Cozying Up to Change

What can you do to help your people roll with the inevitable?

As I’ve learned from my management education, change is an inevitable part of business. I know change is a good thing and is important, as well as necessary. But I’d be lying if I said I always really enjoyed change itself. Like anyone, I thrive being within my comfort zone. Steve makes some interesting points, but there are a few areas I’m not sure I agree with. It’s one thing to learn about the nice cool new features of the next version of your favorite product (after all, this is one of the reasons we love a technical career), but it’s another thing entirely when your job role changes without warning for reasons you don’t yet understand. Or worse, if a newly announced organizational restructure promises make you a candidate for redundancy.

At the moment there’s a parable in the popular business book, Who Moved My Cheese? that illustrates the importance of the need for accepting, anticipating and then being prepared to change. Logically, I can see the sense of what’s presented, although I found the text itself overly simplistic to the point of being almost insulting (not to mention overpriced, as the book itself is less a hundred pages!). I’m not sure that “move with the cheese and enjoy it” resonates with me. Even for the major life changes I’ve initiated myself, it’s taken me some time to get settled again and be really sure I’ve made the right decision, let alone changes imposed on me. Human beings really are creatures of habit, and I’m probably no different than most. Some people love change; then again, some people love to relax by jumping out of planes.

It’s incumbent on me to communicate why the change is necessary and why it’s beneficial to them personally. Only then can I expect to be able to successfully implement a major change.

More and more I’ve come to the realization that it’s difficult, if not impossible, to make anyone in my span of control do anything they don’t want to do—and this includes change. This means I can’t unilaterally make changes and have everyone automatically follow enthusiastically. Sure, people will half-heartedly humor me once or twice; but over time, creative inertia sets in—there are too many seemingly good reasons not to do what I want them to do. The only way I can effectively get people to accept change is to generate the desire in them. So it’s incumbent on me to communicate why the change is necessary and why it’s beneficial to them personally, as well as to the company. Only then can I expect to be able to successfully implement a major change. Steve’s PBX implementation example illustrates the power of communication to your stakeholders affected by a change, but I also believe that, unless we generate in people an acceptance of the need for the change, it could be an uphill battle to implement.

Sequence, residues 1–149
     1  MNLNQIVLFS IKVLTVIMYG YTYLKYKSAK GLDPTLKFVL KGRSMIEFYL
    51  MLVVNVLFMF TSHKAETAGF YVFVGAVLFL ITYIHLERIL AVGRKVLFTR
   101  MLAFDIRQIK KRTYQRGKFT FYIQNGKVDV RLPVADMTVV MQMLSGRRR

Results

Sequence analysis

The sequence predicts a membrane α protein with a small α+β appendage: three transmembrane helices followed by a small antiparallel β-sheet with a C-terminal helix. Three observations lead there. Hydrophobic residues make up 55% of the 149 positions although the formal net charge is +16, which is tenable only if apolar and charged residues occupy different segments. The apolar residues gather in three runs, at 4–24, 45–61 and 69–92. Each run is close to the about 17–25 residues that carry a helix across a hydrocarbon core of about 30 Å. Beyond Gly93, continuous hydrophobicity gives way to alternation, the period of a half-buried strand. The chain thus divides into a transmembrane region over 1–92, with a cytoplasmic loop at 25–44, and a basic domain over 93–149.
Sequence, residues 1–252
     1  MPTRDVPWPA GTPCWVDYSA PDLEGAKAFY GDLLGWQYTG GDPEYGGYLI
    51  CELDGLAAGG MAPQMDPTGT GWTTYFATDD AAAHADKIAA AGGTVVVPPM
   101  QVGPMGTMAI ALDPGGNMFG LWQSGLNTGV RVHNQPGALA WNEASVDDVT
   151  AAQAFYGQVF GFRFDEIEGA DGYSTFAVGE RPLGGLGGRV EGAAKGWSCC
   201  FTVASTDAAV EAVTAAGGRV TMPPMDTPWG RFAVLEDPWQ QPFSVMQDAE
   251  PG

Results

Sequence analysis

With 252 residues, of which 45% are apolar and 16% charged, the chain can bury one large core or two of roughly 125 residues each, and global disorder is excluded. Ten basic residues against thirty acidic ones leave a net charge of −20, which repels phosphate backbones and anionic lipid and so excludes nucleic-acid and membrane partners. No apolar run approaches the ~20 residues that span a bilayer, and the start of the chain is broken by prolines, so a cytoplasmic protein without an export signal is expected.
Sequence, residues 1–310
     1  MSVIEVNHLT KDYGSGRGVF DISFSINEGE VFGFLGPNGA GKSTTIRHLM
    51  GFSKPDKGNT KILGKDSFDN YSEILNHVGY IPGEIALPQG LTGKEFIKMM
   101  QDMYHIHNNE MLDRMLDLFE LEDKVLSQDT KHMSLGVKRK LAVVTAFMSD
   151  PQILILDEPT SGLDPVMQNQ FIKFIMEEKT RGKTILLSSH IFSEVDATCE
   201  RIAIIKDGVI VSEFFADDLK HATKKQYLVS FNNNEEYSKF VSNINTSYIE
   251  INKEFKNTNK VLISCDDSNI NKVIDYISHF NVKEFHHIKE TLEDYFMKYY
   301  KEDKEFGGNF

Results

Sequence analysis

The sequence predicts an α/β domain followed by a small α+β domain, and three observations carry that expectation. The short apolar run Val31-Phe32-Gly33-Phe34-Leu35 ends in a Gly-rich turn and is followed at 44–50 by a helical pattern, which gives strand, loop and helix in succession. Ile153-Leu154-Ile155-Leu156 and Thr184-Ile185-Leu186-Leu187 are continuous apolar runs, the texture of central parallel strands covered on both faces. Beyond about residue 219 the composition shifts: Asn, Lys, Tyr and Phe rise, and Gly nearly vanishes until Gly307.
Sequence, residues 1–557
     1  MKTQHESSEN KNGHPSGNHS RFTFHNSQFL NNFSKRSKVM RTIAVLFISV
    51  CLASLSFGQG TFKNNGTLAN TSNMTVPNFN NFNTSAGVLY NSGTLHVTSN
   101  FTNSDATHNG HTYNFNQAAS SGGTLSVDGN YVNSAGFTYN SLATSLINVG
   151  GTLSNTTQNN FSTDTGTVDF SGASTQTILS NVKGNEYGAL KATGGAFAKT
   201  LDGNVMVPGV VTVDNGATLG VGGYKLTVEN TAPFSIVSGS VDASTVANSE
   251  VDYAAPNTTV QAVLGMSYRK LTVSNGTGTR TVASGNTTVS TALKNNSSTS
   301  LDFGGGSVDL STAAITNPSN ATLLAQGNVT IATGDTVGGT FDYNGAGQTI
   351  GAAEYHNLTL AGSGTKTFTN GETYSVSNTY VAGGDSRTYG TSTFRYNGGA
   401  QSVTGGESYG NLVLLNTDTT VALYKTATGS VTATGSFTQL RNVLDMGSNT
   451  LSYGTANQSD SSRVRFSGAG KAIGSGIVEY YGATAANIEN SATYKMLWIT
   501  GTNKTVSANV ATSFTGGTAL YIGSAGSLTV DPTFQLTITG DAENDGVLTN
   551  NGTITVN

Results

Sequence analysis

Change is inevitable in modern business. In our field, we experience a great deal of it—often because the nature of technology is a catalyst for that change. I don’t think most people relish change itself, but if we first acknowledge our reservations, we can then understand the nature of our own feelings and successfully work through them to be successful in our changed organization. Internally, we can feel a physiological reaction to the stress induced by our changed environment, even when we consciously know the change is for the best. But there’s no point in resisting the inevitable—it’s a waste of effort that could be better spent on more productive endeavors. Just don’t expect me to always like it.

About the Author

Greg Neilson, MCSE+Internet, MCNE, PCLP, is a Contributing Editor for MCP Magazine and a Professional Development Manager for a large IT services firm in Australia. He’s the author of Lotus Domino Administration in a Nutshell (O’Reilly and Associates, ISBN 1565927176).

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